Table 2. Limits of detection (LODs) in pure standard solution and in freeze-dried chyme and excreta samples of poultry. Limits of quantitation (LOQs) were by the factor of 3.3 higher.
Table 2. Limits of detection (LODs) in pure standard solution and in freeze-dried chyme and excreta samples of poultry. Limits of quantitation (LOQs) were by the factor of 3.3 higher.
MatrixDON-3-sulfateDOM-3-sulfateDONDOMDONS 1DONS 2DONS 3DOMS 2
Pure standard solution (ng/mL)
Excreta of turkeys (ng/g)5998196300119596859
Excreta of chickens (ng/g)5198196400119596869
Jejunum of pullets (ng/g)404013020079404640
Ileum of pullets (ng/g)404013020079404640
Excreta of pullets (ng/g)102147391800237119137138
Excreta of roosters (ng/g)1982456521000396198228198
Calibration functions in neat standard solution were linear from the LOQ up to at least 674 ng/mL for all analytes. Matrix-matched calibration functions were linear in the investigated calibration ranges (up to 674 ng/mL for excreta extracts of turkeys and chickens; up to 600 ng/mL for chyme and excreta extracts of pullets and excreta extracts of roosters) with the following exceptions: calibration curves of DONS 2, DONS 3, and DOMS 2 were linear up to 300 ng/mL in chyme extracts, and calibration functions of DONS 3 were linear up to 337 ng/mL in excreta extracts of chickens.
The relative standard deviation (RSD) of triplicate work-up and measurement of blank turkey and chicken excreta samples spiked at 4 concentration levels on one day was below 10% for each substance at each concentration level (mostly between 2% and 5%). The inter-day RSD of work-up and analysis of one freeze-dried excreta sample of one turkey of the DOM group containing 834 ng/g DON-3-sulfate and 3420 ng/g DOM-3-sulfate was 11% and 9% for DON-3-sulfate and DOM-3-sulfate, respectively (n = 10). The inter-day RSD of sample preparation and measurement of one broiler excreta sample containing 7720 ng/g DON-3-sulfate that was worked-up and analysed on 10 different days was 5%.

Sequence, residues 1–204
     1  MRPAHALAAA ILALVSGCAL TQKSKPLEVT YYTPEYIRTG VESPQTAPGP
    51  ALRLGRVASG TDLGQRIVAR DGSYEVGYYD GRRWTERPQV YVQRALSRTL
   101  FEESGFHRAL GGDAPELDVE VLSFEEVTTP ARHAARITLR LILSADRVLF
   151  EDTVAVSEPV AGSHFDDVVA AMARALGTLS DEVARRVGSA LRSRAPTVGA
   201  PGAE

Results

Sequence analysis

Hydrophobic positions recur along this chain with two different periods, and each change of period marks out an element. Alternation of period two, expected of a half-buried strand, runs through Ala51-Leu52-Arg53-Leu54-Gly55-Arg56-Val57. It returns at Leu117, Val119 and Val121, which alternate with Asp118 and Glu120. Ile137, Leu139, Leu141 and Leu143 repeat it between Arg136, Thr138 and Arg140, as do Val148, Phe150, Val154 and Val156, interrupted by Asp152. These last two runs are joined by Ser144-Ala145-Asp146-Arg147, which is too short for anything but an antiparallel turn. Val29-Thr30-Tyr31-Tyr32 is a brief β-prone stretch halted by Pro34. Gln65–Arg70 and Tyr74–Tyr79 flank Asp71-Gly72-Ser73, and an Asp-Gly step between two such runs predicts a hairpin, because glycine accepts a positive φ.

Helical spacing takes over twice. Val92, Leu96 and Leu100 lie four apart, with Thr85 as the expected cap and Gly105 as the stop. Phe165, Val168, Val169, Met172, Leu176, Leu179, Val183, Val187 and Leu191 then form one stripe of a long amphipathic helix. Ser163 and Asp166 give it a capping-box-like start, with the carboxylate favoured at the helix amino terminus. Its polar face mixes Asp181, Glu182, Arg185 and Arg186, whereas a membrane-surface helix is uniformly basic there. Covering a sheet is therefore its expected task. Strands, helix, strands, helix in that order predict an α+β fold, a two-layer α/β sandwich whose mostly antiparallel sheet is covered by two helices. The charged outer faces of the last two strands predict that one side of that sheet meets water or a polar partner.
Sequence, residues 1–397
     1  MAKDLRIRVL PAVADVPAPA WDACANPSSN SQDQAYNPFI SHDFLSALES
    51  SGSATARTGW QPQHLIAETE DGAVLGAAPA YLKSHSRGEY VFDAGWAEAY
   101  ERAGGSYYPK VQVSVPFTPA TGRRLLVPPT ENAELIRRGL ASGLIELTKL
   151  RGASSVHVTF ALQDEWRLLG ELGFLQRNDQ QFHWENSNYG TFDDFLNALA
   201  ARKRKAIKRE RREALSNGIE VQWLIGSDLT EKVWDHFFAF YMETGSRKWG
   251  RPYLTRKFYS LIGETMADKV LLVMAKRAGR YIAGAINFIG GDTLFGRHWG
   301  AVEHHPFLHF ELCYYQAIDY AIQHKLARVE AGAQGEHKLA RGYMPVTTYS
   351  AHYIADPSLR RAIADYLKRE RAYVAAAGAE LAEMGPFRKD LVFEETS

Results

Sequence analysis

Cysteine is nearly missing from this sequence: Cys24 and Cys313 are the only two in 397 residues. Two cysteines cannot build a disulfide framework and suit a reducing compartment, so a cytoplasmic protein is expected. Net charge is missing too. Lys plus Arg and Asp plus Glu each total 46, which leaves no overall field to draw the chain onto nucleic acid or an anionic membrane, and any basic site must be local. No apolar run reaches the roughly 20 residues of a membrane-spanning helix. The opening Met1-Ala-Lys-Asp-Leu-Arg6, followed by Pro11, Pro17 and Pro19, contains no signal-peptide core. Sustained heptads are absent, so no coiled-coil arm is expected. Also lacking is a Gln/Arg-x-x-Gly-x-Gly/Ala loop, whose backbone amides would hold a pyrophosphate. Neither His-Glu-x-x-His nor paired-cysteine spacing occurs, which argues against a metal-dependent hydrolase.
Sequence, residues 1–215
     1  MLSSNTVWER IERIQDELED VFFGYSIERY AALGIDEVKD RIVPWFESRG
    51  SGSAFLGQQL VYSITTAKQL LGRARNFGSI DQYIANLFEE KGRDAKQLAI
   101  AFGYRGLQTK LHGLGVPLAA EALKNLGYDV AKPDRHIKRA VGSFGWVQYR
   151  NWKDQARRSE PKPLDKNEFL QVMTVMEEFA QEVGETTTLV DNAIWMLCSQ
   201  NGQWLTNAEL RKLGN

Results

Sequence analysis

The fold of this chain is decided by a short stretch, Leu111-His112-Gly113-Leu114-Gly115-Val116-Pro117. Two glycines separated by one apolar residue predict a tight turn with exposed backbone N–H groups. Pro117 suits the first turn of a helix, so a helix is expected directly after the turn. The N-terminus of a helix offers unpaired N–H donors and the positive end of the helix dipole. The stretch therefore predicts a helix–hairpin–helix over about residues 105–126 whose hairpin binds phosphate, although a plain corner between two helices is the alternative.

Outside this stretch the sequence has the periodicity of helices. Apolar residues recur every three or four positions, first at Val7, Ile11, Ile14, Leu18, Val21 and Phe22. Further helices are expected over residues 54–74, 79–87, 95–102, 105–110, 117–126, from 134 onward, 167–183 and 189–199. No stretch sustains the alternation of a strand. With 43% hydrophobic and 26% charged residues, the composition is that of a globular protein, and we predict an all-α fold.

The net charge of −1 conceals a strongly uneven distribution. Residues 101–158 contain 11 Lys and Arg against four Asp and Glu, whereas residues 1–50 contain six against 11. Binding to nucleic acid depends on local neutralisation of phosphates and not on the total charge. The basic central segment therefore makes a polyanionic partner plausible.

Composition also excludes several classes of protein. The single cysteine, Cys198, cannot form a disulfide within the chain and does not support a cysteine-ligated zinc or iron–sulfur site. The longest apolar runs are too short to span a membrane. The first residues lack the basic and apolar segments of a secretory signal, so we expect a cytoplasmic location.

2.3. Analysis of Samples

Excreta and chyme samples of four different feeding trials with different poultry species were carried out in the past in order to study the metabolization of DON and DOM, to assess biological recoveries, and to investigate the effects of DON on health and performance in poultry. These samples were re-analysed using the newly developed LC-MS/MS method, which included DON- and DOM-3-sulfate as well as DON- and DOM sulfonate metabolites. An overview of these four feeding trials is given in Table 5.
Turkey and chicken trial: The two feeding trials with turkeys and chickens were carried out in order to study the metabolization of DON and DOM in poultry and in order to assess the biological recoveries of these two mycotoxins after oral administration at concentrations relevant in practice. For that, the mycotoxin content in poultry feed (between 1.5 and 1.7 mg/kg) was kept well below the guidance value of 5 mg/kg in complementary and complete feeding stuffs. As birds excrete a mixture of white pasty urine and feces via the cloaca, only the combined excreta samples were collected.
Both in turkeys and in chickens, DON-3-sulfate was the major DON metabolite, followed by DON. Analogous to that, DOM-3-sulfate turned out to be the major metabolite of orally administered DOM. DOM itself could not be detected in any of the excreta samples of the turkey and the chicken trial, nor could any of the DON- or DOM sulfonates. The average DON equivalent concentrations of the main DON- and DOM metabolites in excreta of turkeys and chickens (n = 4 for each species) at the individual sampling times are given in Figure 2. In lyophilized excreta of the individual turkeys of the DON group, maximum DON equivalent concentrations of DON-3-sulfate ranged from 8.8 to 16 μg/g and were obtained between 2 h (mean concentration 9.6 μg/g) and 4 h (mean concentration 8.8 μg/g) after provision of feed. Maximum DON equivalent concentrations of DOM-3-sulfate in excreta of turkeys of the DOM group were measured in excreta collected 2 h after start of feeding and ranged between 5.3 and 18 μg/g (average 13 μg/g). Due to the presence of 0.3 mg/kg DON in feed of the DOM group, DON-3-sulfate was also excreted by turkeys of the DOM group. The excretion pattern was similar to that of DOM-3-sulfate, with a maximum mean value of 2.5 μg/g in DON equivalents. A chromatogram of a turkey excreta extract of the DOM group is given in Figure 1.